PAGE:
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Upcoming: Medieval - Islamic Cavalry

Medieval - Islamic Cavalry

Here we have the first 3 rider renders and the 4 horses for our upcoming Islamic heavy cavalry set. There will be a total of 6 riders, so we are only half way!


These are going to represent the Seljuk and Syrian heavy cavalry of the 12th to 13th Centuries. There will be a mix of armour styles of mail and lamellar and varying helmets from all enclosing mail hoods with elaborate spiked helmets to open faced helmets with turbans.


The bow cases and arrow quivers will be optional as Arab heavy cavalry did not use the bow but Seljuk Askaris did. There will be a few bow firing arms included as well as swords, spears, lances, axes and maces.

Seljuk Turks formed a large proportion of any Amir’s household troops in Syria and Egypt and so we will be including some Seljuk heads with their distinctive hair in three braids, two to the side of the head and one down the back. We have included the Seljuk fur cap called the Sharbush worn by Chieftains and apparently Saladin wore one over the top of his helmet or mail hood. 


Swords will be a mix of the straight bladed type but also the curved sabre and there will be plenty of shield options.


For further flexibility you will be able to combine a lot of the heads, shields and weapons from this set with the very versatile Norman cavalry set to create some more varieties of Arab cavalry. Islamic armies made great use of captured Crusader armour, weapons and shields so there is no reason a Norman cavalry figure with the addition of a turbaned head, Islamic shield and weapon arm could not ride along in your Fatamid Egyptian cavalry units.

5 Responses

Hideyoshi Darrol

Hideyoshi Darrol

April 03, 2024

Nicholas Petrou, By the look of the renders above, these are not Mamluks but Ayyubids, still with a great deal of Kurdish and especially (Seljuk) Turkic influence. So, from about the time of Salah ad-Din Yusuf ibn Ayyub and before the Mamluk state was created in Egypt. The shields? They will be made of wood with rawhide stretched over the top like all shields of the time.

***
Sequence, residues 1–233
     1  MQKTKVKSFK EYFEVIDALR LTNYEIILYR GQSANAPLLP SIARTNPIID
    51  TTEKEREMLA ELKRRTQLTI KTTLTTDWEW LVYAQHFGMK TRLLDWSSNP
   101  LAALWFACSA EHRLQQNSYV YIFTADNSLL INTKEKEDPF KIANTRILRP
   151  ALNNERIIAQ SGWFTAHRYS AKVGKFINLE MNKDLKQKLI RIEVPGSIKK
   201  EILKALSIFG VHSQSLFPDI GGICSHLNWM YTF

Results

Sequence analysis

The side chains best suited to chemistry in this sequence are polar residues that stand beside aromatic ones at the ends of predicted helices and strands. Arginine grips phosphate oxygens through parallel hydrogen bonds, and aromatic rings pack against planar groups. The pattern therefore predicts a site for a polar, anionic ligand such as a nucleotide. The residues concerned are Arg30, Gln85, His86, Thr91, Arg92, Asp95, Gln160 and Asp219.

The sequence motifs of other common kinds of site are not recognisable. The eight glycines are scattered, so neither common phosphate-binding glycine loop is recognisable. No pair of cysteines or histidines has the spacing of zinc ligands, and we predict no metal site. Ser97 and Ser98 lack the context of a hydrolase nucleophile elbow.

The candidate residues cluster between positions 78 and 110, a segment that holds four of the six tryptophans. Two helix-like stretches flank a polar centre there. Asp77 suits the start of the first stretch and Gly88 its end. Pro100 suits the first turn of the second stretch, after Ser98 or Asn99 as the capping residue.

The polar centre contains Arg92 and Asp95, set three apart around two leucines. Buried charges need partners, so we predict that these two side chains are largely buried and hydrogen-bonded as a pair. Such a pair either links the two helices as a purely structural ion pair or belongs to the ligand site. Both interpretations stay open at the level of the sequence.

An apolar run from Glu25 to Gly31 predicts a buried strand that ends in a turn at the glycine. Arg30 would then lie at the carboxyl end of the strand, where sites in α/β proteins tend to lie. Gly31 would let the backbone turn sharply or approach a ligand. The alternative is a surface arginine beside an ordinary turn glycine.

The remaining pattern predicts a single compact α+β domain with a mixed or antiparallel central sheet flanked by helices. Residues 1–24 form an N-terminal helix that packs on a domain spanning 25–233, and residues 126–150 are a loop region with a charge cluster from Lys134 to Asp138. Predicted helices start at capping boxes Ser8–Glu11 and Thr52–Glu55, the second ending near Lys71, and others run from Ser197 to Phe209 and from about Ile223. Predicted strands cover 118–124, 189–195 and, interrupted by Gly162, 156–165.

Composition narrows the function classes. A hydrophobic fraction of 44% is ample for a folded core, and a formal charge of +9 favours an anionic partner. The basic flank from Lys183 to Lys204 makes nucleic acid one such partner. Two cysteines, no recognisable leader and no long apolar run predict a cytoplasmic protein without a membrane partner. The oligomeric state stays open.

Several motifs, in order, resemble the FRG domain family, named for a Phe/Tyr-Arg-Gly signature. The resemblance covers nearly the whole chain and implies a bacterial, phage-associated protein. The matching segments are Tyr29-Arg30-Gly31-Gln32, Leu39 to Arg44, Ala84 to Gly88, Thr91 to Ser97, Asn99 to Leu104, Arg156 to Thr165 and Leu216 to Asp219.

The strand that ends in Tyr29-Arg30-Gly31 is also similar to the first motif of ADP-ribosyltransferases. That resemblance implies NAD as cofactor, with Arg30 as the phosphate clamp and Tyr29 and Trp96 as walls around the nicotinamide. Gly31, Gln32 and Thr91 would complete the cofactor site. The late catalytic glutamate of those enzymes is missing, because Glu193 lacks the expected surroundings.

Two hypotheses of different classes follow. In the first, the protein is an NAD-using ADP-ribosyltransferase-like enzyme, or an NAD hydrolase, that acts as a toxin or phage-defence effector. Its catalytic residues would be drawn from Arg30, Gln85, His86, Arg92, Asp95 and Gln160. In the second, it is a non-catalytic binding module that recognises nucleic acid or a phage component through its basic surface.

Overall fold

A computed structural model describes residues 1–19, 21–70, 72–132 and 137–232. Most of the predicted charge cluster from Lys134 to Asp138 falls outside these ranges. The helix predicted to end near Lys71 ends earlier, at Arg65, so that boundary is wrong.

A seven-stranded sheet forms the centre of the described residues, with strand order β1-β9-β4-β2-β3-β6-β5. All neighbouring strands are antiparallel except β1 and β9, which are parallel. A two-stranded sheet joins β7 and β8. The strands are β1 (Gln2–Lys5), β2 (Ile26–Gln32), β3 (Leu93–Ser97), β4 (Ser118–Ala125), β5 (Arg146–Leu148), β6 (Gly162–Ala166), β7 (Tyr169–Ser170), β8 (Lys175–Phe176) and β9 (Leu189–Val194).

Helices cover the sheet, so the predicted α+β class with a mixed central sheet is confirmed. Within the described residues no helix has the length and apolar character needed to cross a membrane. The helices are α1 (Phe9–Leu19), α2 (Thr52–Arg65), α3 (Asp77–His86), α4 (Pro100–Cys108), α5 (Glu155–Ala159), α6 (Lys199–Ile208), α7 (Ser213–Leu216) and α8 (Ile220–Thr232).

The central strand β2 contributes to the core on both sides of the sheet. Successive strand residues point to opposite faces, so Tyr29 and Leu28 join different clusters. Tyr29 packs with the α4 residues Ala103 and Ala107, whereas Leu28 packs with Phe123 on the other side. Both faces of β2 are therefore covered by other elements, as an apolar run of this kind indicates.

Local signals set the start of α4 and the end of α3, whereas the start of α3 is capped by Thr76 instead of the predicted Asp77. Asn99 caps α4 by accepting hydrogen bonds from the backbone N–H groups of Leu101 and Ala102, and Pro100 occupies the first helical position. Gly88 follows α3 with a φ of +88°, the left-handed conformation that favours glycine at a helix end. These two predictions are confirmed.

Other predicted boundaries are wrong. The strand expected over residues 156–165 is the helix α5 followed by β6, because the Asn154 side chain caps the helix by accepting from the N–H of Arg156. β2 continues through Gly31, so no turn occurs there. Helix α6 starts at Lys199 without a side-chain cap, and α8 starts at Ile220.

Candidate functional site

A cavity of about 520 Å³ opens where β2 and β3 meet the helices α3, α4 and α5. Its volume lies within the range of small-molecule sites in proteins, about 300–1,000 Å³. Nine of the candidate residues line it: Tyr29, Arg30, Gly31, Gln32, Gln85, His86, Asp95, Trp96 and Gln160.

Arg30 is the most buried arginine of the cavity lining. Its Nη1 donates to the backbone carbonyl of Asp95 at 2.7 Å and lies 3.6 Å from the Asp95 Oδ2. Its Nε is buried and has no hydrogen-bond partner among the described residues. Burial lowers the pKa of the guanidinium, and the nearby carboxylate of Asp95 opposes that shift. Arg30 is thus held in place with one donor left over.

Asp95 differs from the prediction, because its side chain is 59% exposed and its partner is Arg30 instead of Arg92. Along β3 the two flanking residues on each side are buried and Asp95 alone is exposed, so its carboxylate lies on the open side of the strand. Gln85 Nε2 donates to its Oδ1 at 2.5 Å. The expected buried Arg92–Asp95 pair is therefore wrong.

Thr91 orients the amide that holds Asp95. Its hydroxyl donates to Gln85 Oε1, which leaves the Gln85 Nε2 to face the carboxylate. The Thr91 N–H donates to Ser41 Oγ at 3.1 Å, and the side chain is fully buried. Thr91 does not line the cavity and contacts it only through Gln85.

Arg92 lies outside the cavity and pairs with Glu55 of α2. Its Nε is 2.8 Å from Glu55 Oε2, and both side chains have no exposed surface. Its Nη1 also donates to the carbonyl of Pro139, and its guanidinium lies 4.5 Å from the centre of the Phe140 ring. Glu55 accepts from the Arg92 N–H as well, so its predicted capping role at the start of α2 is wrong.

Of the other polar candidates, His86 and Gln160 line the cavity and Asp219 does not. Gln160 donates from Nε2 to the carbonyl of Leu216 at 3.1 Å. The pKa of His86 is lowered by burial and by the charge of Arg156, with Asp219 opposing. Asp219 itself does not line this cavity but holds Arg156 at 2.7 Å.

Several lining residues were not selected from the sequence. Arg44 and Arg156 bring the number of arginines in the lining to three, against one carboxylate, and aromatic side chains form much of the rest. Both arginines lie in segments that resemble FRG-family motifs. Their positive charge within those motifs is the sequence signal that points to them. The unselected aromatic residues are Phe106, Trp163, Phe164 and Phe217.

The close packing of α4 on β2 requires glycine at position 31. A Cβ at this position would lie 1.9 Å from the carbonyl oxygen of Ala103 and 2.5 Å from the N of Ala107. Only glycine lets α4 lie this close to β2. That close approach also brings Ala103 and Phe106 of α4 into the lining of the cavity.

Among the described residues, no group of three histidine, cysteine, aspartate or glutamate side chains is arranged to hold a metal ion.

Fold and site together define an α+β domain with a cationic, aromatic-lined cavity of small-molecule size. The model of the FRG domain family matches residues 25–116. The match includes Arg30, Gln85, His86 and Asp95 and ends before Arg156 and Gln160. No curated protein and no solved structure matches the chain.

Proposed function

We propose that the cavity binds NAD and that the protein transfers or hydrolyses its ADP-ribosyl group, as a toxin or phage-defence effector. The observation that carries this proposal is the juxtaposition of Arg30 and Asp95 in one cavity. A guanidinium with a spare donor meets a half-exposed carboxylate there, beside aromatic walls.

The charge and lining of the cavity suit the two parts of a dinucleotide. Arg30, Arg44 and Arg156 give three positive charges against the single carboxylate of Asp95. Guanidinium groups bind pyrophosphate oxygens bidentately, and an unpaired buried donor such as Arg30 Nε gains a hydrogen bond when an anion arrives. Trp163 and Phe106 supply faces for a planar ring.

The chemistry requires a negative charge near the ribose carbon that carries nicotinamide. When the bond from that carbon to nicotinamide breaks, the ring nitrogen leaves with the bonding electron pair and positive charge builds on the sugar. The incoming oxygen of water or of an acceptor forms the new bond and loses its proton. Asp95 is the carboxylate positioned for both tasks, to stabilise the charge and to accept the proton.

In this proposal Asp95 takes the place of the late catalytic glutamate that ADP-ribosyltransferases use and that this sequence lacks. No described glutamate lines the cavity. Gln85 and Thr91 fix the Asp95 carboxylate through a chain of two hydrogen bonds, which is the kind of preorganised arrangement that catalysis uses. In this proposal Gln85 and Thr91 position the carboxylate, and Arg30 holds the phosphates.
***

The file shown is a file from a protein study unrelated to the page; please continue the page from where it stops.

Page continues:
Charlie Farrugia

Charlie Farrugia

March 30, 2024

I have recently purchased the “Advancing Roman Legionary’s” of the early imperial period as I have a profound interest in ancient Roman military strategy, history and just Roman history in general.
I know one of my good friends may like the idea of owning some of these Arab miniature figures as he is interested in ancient and modern Arab history (particularly religious and military)

Eduard Domingo

Eduard Domingo

March 25, 2024

It’s nice to see a bit of muslim range. Looking forward to see the full range!

WILLIAM MACKAY

WILLIAM MACKAY

March 24, 2024

I am really looking forward to both crusadser and islamic forces being released . When can we expect them .
Nicholas Petrou

Nicholas Petrou

March 23, 2024

Hello,

Having done historical research on this matter (looking at David Nicolle’s work concerning the Citadel of Damascus collection), I would like to provide feedback. In particular:

- Mamluk heavy cavalry was barded (like their western counterparts) and would have been made of cloth (similarly to what we stereotypocally see) or hyde (particularly what might appear to be hyde strips).
- The fully metal shields, from what I understand, would not have existed in the late medieval period (happy to see the evidence to suggest otherwise).

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